Ambiverts have a unique combination of properties that make them extremely adaptable in social situations. They are much more heavily influenced by environmental factors than either extroverts or introverts, and are comfortable in matching the tone of their surroundings regardless of the situation; they might be loud and boisterous at a party while being quiet and reflective during an important conversation. Furthermore, this means that ambiverts are able to correctly intuit when to seize opportunities as well as identify when they should bide their time and let someone else take center stage. 

This ability to reflect their surroundings in such a seamless way means that people who are naturally ambivert or who practice ambivert traits in their business life are naturally putting their interlocutor — in the case of salespeople, this is usually a prospective buyer — at the front and center of their interactions. 

This ethos has tangible results beyond happy-sounding platitudes about personality. Researcher Adam M. Grant published a study in 2013 titled Rethinking the Extraverted Sales Ideal in which he discovered that people who displayed ambivert tendencies received an average hourly revenue that was on average 24% higher than extroverts. 

A graph from Grant’s study on Ambiverts in sales

In fact, ambiverts make up 68% of the US population, so chances are these inherent benefits are yours to command. Even if you’re not a part of this personality majority, it’s still useful to understand that neither extreme is the best when it comes to making your sales numbers. In fact, it’s better to strive for a balance between the two extremes. Simply being mindful of your social habits and interactions with others can go a long way to unlocking this power. 

Tip the second: leverage social media 

Social media isn’t just a tool for marketing gurus and influencers. All that activity, while useful, needs to be actualized with tangible sales results. In fact, utilizing social selling might be tapping into a hitherto unused goldmine for your business; sales research done by IDC has found that 91% of B2B buyers are active and involved on social media and that 75% of these have their purchasing decisions heavily influenced by the activity of vendors on these websites.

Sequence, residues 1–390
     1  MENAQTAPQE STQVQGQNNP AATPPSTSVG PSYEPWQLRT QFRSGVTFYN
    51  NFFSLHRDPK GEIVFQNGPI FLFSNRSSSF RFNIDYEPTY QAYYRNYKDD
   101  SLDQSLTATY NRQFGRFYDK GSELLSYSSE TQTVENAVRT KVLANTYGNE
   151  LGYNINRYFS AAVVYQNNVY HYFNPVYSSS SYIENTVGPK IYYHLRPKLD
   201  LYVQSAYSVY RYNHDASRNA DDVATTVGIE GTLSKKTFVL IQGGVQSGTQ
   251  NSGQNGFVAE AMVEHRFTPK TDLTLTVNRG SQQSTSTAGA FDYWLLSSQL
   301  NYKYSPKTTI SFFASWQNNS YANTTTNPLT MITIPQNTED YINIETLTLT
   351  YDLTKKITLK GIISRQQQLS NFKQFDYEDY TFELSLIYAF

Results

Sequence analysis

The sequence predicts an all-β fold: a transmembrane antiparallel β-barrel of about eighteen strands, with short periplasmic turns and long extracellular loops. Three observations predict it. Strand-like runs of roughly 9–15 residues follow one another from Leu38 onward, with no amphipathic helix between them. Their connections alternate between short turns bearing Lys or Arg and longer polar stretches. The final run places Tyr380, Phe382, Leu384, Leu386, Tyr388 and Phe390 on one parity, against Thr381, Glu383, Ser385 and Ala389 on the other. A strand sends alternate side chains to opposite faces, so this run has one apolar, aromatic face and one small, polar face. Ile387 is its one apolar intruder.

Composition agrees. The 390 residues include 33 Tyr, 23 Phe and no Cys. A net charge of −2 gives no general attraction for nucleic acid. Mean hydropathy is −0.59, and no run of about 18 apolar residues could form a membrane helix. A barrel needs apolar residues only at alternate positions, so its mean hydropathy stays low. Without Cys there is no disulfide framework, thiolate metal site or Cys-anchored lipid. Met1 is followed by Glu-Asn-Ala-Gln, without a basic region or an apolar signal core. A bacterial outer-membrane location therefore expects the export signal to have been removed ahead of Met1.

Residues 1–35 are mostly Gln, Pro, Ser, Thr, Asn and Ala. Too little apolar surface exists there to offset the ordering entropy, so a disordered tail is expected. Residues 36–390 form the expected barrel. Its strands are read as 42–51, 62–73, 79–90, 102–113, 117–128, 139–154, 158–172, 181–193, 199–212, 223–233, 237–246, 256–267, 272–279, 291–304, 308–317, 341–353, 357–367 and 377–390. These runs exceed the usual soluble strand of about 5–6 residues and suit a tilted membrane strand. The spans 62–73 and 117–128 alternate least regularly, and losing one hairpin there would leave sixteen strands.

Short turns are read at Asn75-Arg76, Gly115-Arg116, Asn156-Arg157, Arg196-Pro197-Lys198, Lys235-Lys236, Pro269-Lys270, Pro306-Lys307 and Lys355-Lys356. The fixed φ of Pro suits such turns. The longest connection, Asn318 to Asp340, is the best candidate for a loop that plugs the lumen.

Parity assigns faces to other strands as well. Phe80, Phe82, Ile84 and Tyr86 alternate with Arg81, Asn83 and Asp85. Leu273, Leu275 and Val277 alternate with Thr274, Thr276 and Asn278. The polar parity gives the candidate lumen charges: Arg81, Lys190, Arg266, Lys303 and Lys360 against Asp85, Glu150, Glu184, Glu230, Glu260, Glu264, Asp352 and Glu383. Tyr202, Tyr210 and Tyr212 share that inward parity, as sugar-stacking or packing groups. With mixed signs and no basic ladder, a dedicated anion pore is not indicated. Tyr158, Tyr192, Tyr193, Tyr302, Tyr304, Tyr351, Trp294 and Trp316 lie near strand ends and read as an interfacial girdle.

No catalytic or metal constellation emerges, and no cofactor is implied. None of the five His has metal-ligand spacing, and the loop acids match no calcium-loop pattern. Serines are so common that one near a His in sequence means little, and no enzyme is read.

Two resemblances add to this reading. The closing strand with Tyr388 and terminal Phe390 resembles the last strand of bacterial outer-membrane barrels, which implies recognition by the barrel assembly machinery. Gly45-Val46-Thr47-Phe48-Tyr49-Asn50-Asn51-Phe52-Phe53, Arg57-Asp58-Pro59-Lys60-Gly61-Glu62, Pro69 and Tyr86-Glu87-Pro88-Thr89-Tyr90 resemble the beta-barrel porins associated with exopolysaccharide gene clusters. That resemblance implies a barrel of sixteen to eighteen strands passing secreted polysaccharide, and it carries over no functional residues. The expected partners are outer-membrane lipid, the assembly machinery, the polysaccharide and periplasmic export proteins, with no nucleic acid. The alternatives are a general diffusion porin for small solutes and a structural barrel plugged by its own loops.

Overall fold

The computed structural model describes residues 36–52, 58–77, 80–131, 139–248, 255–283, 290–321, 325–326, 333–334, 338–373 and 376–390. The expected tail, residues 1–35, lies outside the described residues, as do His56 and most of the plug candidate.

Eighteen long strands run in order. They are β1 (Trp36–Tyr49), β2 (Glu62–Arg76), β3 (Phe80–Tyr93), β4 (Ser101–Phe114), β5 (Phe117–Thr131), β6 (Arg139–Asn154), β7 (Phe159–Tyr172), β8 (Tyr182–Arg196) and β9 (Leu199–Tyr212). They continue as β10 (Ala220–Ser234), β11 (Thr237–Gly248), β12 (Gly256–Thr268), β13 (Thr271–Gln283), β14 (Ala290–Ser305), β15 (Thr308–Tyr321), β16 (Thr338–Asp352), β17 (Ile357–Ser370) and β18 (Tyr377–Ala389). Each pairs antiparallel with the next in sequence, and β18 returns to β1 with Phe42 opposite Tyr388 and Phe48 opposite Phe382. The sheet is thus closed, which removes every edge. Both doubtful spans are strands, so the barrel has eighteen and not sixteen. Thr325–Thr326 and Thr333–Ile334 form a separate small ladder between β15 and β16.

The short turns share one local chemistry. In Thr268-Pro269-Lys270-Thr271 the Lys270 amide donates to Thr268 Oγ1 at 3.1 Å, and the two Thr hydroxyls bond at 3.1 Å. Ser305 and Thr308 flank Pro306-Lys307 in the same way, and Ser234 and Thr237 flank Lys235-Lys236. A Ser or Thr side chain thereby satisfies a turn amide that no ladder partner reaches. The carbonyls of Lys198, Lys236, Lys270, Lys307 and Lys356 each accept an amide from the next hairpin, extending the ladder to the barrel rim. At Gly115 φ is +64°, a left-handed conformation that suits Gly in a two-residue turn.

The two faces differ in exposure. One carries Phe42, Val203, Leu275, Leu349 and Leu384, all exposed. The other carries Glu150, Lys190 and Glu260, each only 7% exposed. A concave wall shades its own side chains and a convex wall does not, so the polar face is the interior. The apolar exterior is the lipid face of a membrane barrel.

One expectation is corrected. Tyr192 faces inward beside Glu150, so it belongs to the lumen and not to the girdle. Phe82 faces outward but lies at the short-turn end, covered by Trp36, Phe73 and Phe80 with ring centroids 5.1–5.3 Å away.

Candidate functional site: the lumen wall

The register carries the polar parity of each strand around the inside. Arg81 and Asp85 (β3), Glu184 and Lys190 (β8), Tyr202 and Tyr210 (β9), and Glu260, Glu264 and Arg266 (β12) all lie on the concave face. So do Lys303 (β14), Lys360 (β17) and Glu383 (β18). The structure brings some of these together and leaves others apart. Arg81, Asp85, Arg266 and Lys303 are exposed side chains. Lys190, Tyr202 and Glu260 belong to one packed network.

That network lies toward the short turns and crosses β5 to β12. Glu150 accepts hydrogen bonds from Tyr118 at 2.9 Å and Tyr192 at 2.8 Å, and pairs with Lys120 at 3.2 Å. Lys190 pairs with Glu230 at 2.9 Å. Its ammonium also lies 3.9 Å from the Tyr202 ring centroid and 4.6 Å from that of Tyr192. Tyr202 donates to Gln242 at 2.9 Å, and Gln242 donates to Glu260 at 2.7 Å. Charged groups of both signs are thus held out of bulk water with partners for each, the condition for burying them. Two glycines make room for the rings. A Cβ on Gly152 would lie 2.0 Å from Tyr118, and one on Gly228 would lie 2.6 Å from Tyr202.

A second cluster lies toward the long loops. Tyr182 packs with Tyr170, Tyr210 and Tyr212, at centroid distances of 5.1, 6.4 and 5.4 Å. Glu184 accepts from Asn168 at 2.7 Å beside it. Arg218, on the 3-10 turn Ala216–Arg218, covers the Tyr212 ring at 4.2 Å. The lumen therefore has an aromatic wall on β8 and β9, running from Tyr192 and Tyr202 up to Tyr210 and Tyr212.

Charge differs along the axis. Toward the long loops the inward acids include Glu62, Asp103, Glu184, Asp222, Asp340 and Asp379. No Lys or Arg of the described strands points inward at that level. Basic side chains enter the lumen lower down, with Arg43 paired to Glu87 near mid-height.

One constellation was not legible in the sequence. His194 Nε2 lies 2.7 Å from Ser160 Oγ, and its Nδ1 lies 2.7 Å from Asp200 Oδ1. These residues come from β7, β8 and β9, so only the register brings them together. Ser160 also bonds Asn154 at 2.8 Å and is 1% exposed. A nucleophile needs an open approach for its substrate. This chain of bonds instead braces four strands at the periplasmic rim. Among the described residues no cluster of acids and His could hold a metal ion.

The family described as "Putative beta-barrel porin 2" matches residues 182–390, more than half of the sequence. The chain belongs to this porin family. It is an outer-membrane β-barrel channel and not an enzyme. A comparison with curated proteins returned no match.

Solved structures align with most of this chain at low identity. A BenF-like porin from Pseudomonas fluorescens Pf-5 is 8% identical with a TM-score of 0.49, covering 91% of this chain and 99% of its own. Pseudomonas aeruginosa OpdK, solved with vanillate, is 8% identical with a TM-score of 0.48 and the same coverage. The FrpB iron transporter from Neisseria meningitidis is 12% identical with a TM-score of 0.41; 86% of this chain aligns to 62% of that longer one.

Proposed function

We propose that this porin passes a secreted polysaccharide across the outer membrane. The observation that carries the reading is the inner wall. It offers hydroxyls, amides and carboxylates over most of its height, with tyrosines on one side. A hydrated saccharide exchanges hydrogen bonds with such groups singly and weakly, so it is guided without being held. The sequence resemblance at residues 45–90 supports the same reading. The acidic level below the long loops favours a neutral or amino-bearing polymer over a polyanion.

But how is this done? It can be daunting to look at a Twitter or LinkedIn feed and figure out how you can turn all that noise into revenue for your organization. But if you can learn how to read between the lines, creating sales is a piece of cake. 

The first thing you need to understand is the target demographics of your brand’s online presence. For example, Sprout Social found that young adults ages 18-30 dominate all the popular social media platforms, so catering your messaging to this category can help you generate more leads then you might have otherwise.  


So, onto the meat and potatoes: once you’ve gotten some engagement on your online activity, use the data generated by this interaction to find and contact leads. Maybe a product manager at that company you’ve been angling to get a deal with has shared an article written by your content team? That’s an excellent opportunity to strike up a conversation with them and make your pitch or schedule a demo of some sort. A social media management tool can help you track post performances and the trends of your audience size. This is where platforms such as LinkedIn and the groups of professionals therein can come in handy. Finding materials to help you build a relationship is just as important as a winning personality and ready smile. 

Tip the third: Be purposeful about how you contact leads

When it comes to actually turn all these tips into leads, there’s always one defining the moment of truth: the first contact.